Suffering exists; this much cannot be denied. But even if our response is that God is not responsible for it all, his answer is calling to us, waiting for us. I trust that when we suffer, God suffers as well. The lost husband, the dying child, and the homeless mother grieve the heart of God, who promises a new body that cannot die in a home that he has rebuilt for us when all things are made new. “See," God says, "I am doing a new thing.” And what a glorious new thing it is.

Monday, August 20, 2012

"Blessed Are" or "Blessed Be"?

A thought has been floating in my head for a few days. In the Beatitudes, the common translation is "Blessed are . . . " Whichever group about which Jesus speaks, he uses the phrase "μακάριοι οἱ . . . " to make a statement of blessing. The Greek does not use a verb of being here, which means the interpreter/translator needs to make a decision. The sentence itself says "Blessed the poor in spirit, because of them is the reign of the heavens." There is no "are" there. Thus, my thought.

My professor of spiritual formation holds the idea that the Beatitudes are not aspirational values, but something more. They're not phrases that say, "You should be poor in spirit, because if you are, then yours will be the reign of heaven." They are statements that, according to this professor, bless people in real, current situations. They reflect this more: "Blessed are those whose spirits are already impoverished, broken, shattered, for they have something more to anticipate in the reign of God." The Beatitudes speak to existing realities rather than a state of being which one ought to seek.

With this in mind, I became curious as to whether the implied verb of being is indicative or an imperative/subjunctive. I have started searching for similar examples, especially those using the phrase "blessed be" and "blessed is/are" in English. Of the six examples I have thus far examined in the LXX (Gen 9.26; 14.19-20; 22.18; 24.27; 27.29; Ex 18.10), they all use εὐλογητός or a derivative thereof. There are quite a few more I have to sift through (no fewer than 20), but the first few all have that word group in common. Also, these six examples are found only using the search terms "Blessed be," without using "is/are."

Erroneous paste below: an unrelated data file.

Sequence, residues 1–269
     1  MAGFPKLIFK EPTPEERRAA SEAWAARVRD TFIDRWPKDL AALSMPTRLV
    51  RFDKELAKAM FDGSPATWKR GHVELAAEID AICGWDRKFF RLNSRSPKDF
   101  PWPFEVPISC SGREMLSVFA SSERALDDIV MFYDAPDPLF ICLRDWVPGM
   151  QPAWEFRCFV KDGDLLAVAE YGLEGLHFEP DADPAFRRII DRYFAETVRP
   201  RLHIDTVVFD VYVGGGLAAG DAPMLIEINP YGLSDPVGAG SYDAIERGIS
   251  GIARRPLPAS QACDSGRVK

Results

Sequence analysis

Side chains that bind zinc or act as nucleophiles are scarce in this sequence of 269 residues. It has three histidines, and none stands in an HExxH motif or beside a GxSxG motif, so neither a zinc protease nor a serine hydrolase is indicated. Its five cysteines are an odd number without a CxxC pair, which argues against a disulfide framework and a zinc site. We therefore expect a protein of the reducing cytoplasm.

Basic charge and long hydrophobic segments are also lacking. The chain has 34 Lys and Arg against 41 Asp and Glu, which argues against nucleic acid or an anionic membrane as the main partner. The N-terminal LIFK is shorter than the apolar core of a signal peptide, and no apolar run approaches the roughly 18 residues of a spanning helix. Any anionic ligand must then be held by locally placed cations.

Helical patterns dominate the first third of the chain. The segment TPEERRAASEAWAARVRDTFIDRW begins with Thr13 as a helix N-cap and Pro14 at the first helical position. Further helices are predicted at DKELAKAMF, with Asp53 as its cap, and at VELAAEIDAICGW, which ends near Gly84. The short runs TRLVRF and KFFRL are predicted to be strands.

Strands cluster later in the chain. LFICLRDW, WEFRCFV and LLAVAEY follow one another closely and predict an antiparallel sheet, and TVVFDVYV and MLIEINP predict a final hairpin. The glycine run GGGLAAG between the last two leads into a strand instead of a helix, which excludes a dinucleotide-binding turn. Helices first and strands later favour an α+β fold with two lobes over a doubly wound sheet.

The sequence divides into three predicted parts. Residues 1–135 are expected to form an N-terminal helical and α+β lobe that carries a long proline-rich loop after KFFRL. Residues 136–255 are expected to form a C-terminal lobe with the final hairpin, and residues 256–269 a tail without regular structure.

Realistically, what difference does it make if the Beatitudes are translated "Blessed be the poor in spirit" as opposed to "Blessed are . . . "? If it is the latter, then the blessing has already been bestowed: God's favor has already fallen on the oppressed, which makes sense. The Bible frequently speaks to God's compassion on the disenfranchised. However, many of the finite verbs used are in the future tense. Whether this is near future or distant future cannot be said definitively (unless you know something I don't; I'm eager to hear), but it's still interesting. If "Blessed are" is understood in light of the future tense verbs used, then it might not be appropriate.

"Blessed be," on the other hand, has the ring of Jesus seeking God's blessing on behalf of these people for whom he already has a soft spot. It is not uncommon for a speaker to remind God of his promises and say, in effect, "And remember, God, I'm holding you to this. Seriously. I am." If Jesus is understood to be saying, "Blessed be the mourners, because they will be comforted," then the comfort sounds rather absolute, even if the blessing is not. We tell God, "Bless this meal," not with the sound of an optative verb of request, but with a statement in the imperative. We fully expect God will bless the meal, assuming we think about it beyond something we say at mealtimes. We expect, but cannot be completely certain. If I pray over my fast food chicken, God had better bless it, because there's no other way that stuff could be considered good for me! If it is "Blessed be," then the person in the real situation of pain has something to legitimately look forward to. This may be conveyed through the future verbs in the sentences, as well, but "Blessed be" appears to work in the fashion of an emphatic article or particle: it's not necessary, but it presses the point.

There is research to be done on this on my part. I plan to look up statements of blessing in other Greek texts (at least those which are readily available to me) and see how they compare. Μακάριος isn't too common so far, but εὐλογητός looks like it might be everywhere (see also Eph 1.3). I think there's potential here for one of those small interpretive decisions that does matter, even if only a little. In the meantime, enjoy this video on pre-blessed food.